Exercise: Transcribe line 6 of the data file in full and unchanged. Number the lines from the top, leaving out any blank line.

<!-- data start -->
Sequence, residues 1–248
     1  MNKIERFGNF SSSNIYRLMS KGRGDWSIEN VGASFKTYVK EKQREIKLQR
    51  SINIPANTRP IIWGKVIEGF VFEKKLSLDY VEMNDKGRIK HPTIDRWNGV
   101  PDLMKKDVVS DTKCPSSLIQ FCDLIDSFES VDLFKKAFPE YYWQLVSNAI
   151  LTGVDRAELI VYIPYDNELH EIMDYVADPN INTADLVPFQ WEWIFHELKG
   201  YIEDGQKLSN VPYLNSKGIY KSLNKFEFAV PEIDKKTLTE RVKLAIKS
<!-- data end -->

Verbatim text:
   201  YIEDGQKLSN VPYLNSKGIY KSLNKFEFAV PEIDKKTLTE RVKLAIKS